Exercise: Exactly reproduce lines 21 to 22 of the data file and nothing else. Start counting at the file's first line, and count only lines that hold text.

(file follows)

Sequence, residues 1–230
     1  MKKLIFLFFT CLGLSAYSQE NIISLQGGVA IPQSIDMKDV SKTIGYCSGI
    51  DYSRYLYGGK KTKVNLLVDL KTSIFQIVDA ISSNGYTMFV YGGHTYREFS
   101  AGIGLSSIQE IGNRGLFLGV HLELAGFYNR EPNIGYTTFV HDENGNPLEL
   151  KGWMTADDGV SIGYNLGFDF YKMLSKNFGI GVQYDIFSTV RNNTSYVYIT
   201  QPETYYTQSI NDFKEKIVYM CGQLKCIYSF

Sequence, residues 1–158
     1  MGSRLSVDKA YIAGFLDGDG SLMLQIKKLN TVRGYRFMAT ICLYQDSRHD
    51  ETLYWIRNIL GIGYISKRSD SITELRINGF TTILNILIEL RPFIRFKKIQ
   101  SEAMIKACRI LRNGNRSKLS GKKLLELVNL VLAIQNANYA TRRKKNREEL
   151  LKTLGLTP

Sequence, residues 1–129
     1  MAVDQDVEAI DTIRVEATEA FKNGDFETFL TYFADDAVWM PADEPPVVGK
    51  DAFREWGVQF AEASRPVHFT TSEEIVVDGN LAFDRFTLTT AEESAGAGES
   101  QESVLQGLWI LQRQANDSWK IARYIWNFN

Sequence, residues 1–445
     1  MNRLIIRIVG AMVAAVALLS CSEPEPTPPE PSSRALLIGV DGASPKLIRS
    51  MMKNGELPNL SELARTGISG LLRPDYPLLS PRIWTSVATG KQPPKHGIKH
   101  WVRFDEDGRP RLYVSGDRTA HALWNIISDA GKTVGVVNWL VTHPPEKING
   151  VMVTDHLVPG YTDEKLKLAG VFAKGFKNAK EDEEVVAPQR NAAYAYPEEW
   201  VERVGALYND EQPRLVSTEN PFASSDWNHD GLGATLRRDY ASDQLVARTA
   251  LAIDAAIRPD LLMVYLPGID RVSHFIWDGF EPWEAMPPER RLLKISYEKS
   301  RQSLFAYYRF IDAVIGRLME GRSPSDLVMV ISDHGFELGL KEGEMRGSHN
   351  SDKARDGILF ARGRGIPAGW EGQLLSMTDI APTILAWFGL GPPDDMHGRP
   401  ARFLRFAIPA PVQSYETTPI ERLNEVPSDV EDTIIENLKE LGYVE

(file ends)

   201  VERVGALYND EQPRLVSTEN PFASSDWNHD GLGATLRRDY ASDQLVARTA
   251  LAIDAAIRPD LLMVYLPGID RVSHFIWDGF EPWEAMPPER RLLKISYEKS